Attic Ventilation Savings Tips
No-to-Low Cost Improvements
- Your home needs ventilation - the exchange of indoor air with outdoor air - to reduce indoor pollutants, moisture and odors. Contaminants such as formaldehyde, volatile organic compounds, and radon can accumulate in poorly ventilated homes, causing health problems.
- Excess moisture in a home can generate high humidity levels which can lead to mold growth and structural damage to your home. To ensure adequate ventilation, the American Society of Heating, Refrigerating and Air-Conditioning Engineers (ASHRAE) notes a home's living area should be ventilated at a rate of 0.35 air changes per hour or 15 cubic feet per person per minute, whichever is greater.
- Heating ducts in the attic move air to and from a forced air furnace or heat pump and are often big energy wasters because they are not insulated properly. Even if your system is new, ducts running through the attic may have leaks before the system is even turned on.
Improvements requiring investment
- The greater the R-value of your insulation, the more heat flow is reduced, saving you energy. In Missouri, the DOE recommends a minimum of R-38 to R-60 in the attic.
- Heating and cooling ducts often suffer from air leakage through cracks in the ducts, joints and registers.
- Sealing your ducts to prevent leaks is even more important if the ducts are located in an unconditioned area such as an attic or vented crawl space.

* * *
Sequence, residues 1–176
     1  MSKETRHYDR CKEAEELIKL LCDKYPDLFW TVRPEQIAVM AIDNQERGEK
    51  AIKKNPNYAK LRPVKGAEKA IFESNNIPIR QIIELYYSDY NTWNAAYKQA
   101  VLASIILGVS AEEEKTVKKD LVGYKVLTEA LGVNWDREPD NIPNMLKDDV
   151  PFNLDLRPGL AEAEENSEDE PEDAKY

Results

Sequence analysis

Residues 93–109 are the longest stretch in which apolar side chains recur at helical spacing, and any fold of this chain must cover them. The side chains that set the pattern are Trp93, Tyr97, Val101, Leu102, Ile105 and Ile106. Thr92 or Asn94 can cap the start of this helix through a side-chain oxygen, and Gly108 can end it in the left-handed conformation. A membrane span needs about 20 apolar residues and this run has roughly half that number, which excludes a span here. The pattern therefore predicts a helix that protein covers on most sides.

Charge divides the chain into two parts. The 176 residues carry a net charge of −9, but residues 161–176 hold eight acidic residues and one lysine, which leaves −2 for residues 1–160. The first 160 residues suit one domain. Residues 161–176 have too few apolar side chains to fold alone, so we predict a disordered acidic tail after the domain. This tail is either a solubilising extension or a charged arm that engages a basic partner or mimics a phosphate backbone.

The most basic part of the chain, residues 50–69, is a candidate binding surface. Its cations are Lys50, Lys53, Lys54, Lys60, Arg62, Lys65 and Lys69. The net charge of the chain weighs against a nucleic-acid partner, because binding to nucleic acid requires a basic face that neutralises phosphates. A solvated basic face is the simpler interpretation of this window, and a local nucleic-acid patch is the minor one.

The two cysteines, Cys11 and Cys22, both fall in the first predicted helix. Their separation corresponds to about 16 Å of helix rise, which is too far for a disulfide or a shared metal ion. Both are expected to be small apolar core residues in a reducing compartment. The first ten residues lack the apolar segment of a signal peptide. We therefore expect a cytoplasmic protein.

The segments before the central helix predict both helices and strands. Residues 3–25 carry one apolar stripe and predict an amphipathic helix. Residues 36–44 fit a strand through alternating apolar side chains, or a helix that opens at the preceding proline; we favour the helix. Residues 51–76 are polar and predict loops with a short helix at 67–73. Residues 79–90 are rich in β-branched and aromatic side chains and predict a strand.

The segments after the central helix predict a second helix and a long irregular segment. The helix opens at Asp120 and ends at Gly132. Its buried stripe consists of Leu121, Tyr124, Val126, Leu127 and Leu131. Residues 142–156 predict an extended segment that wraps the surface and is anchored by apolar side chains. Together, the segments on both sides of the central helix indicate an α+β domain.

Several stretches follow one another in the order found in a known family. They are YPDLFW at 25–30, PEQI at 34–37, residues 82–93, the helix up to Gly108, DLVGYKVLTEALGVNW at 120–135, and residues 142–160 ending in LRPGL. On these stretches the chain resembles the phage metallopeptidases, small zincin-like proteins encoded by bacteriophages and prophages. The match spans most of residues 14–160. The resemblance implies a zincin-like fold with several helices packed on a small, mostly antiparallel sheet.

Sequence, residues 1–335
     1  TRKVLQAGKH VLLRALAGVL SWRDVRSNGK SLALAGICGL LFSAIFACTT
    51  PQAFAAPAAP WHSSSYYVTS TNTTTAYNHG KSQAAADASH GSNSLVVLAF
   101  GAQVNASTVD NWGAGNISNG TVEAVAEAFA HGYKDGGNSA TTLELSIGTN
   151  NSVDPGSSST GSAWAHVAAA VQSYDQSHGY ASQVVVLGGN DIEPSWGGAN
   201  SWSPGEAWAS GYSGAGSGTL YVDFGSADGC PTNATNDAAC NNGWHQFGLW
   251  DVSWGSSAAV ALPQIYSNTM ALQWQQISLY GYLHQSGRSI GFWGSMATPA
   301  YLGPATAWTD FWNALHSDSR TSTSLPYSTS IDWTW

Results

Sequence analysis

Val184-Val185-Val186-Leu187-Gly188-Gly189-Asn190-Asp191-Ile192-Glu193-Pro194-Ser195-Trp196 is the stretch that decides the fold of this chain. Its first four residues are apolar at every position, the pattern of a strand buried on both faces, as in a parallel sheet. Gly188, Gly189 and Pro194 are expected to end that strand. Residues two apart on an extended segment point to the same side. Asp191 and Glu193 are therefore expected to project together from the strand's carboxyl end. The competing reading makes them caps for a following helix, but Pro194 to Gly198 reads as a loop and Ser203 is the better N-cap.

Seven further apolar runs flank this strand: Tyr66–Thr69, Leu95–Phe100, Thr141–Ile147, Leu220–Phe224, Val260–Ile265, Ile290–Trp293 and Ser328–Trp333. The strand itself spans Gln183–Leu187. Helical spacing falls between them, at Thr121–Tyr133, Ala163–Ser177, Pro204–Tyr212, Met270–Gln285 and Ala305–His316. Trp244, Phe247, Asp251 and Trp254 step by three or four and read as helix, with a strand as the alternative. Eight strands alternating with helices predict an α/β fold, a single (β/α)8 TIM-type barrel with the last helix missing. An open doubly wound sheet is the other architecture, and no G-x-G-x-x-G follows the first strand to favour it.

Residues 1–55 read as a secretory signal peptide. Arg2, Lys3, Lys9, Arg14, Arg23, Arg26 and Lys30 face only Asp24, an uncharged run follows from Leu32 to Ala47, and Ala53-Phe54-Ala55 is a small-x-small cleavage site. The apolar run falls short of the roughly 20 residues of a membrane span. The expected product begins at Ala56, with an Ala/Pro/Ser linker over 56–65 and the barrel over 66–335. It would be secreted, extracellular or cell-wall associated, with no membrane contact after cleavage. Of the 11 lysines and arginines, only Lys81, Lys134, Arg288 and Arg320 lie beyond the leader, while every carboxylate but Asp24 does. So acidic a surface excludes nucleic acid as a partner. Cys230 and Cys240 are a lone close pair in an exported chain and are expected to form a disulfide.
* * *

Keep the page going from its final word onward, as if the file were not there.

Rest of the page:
- Attic blankets installed either on the bottom of the rafter or under the shingles reflect heat allowing the home to be cooler in the summer and warmer in the winter.
- Shading and evaporative cooling from trees can reduce the air temperature around your home. Studies conducted by the Lawrence Berkeley National Laboratory found summer daytime air temperatures to be 3° to 6°F cooler in tree-shaded neighborhoods than in treeless areas.
Other saving tips to consider
- Focus first on sealing ducts that run through the attic, crawlspace, unheated basement or the garage.
- In Missouri, the DOE recommends a minimum of R-15 to R 21 in outside walls.
- When selectively placed around a house, trees provide excellent protection from the summer sun and allow winter sunlight to reach and warm your house. Consider the height, growth rate, branch spread, and shape when choosing a tree. Trees can be selected with appropriate sizes, densities and shapes for almost any shading application.
- Trees that lose their leaves in the fall are the most effective at reducing heating and cooling energy costs.
- A cool roof is one that has been designed to reflect more sunlight and absorb less heat and can be painted with a reflective type of paint. Cool roofs will reduce air conditioning costs by reflecting the heat from the sun and, by reducing roof temperatures, may extend the life of the roof. Cool roofs can be as much as 50 degrees cooler than a dark roof, so climate should be a factor with considering cool roofs.